Ghost Rider: Spirit of Vengeance Directed by: Mark Neveldine, Brian Taylor Cast: Nicolas Cage, Ciarán Hinds, Idris Elba Running Time: 1 hr 35 mins Rating: PG-13 Release Date: February 17, 2012
PLOT: Johnny Blaze (Cage) needs to rescue a kid the devil is after. If he can pull this off, the curse of the Ghost Rider can be lifted.
WHO'S IT FOR? I have no idea if liking Ghost Rider means you'll like this sequel/continuation. I never saw the first.
Am I going to get crazy Cage? That's really all I care about when we're talking a character whose head is on fire. The directors (Neveldine and Taylor) are known for Crank 2: High Voltage and Jonah Hex. You might be thinking, "Oh no," but I actually liked Crank 2 for all of its high-paced action insanity. I also enjoyed Drive Angry 3D for almost the exact same reasons. Most importantly, I felt like Drive Angry was in on the joke.
There are times when Ghost Rider: Spirit of Vengeance feels like it knows who it is, and rises to the occasion, but not enough times. The beginning starts off with some good action and the basic plot that Johnny Blaze must save a kid for his own selfish deserve to get rid of his alter-ghost-riding-ego. There are plenty of flashbacks and back story. Some of these are told with decent animation, others are told with bad half-screens, and others with pictures of Jerry Springer. They don't really add much to the story and the definitely slow it down. What's odd is, throughout all of this, they never really answer the question of why the devil would turn Johnny Blaze into Ghost Rider, and have Ghost Rider kill evil people on Earth. Is there a shortage in hell? Does the devil need souls just like I need donuts (for energy)? Perhaps this is over-explained in the first, and I'm late to the party. My larger point is, you might as well explain that since you're slowing down the film to explain all of this other nonsense.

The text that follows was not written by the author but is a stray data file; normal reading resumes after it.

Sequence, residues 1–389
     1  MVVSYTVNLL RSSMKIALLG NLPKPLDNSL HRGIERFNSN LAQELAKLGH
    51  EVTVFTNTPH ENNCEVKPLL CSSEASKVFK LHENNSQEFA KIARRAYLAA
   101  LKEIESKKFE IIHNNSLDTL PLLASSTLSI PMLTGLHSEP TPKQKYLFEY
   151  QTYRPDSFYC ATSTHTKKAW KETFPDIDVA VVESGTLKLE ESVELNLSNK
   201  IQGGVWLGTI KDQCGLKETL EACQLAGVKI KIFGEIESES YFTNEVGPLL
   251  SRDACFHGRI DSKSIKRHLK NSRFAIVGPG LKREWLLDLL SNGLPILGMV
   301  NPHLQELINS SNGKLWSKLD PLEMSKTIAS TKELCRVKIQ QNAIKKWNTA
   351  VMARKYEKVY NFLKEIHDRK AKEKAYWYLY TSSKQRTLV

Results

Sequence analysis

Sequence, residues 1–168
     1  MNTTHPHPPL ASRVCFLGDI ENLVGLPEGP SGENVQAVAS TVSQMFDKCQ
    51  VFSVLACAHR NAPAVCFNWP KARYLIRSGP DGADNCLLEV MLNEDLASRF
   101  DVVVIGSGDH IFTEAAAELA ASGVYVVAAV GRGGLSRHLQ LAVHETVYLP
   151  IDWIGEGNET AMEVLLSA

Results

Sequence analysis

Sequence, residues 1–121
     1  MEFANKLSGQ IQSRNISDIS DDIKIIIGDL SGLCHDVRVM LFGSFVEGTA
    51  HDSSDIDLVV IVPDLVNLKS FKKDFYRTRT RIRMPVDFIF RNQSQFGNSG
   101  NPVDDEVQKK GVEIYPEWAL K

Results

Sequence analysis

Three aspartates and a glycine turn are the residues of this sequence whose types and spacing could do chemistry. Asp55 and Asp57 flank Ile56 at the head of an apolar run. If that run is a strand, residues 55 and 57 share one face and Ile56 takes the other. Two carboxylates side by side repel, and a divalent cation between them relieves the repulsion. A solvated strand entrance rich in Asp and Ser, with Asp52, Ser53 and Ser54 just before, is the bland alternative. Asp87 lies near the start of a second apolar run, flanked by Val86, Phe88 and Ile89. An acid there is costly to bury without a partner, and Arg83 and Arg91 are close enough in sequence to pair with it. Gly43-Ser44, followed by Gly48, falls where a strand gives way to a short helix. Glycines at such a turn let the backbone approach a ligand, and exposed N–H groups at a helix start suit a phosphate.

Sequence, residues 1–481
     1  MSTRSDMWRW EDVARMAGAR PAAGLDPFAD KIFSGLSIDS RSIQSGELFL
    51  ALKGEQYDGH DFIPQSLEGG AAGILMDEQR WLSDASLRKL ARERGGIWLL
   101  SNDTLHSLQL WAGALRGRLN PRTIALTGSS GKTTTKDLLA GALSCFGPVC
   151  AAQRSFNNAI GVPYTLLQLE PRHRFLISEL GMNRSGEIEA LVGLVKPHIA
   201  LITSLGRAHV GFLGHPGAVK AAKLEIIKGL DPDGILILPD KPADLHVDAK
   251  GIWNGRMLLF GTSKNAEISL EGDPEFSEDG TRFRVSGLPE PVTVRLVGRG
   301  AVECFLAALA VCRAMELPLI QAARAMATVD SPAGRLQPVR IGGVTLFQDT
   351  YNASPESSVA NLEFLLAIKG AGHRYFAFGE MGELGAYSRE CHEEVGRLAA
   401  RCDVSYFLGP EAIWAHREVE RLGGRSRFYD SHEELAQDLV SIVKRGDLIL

Johnny is on a mission, Roarke (Hinds) aka the devil, is after the kid as well. Carrigan (Whitworth) is one of Roarke's minions who develops the power to decay. It seems like this happens to everything he touches, and I became obsessed with trying to figure out if he could control this power, since this is another area the film doesn't bother explaining. Moreau (Elba) is kind of Johnny's cool sidekick, but that's mainly because he's Idris freaking Elba. I could get into the kid and his mom, but really there's not much to them.
Throughout most of the film, it feels like Ghost Rider is just Superman on fire. No one is his equal, so he just goes around destroying bad guys with ease. This film even follows the same pattern as Superman II with Johnny trying to shed his super-human form and just fit in.
Seeing a guy walk around with a flaming skull for a head is laughable lunacy. Unfortunately, it feels like Cage is the only one who gets that. He brings a wacky sense of humor to the role, pointing out how idiotic the whole thing is, and that when there are glimmers of hope for this film. The comedy doesn't keep rolling though. And the action doesn't feel like Crank, but instead Jonah Hex. There are long set pieces that never feel exciting, and you're definitely never nervous for any of these characters. It's like Ghost Rider desperately wants to be R-rated, but won't go overboard/insane (something it totally should be) to try and make a few extra dollars.
Who would have thought having a fire skull for a head would be so forgettable?
FINAL SCORE: 5/10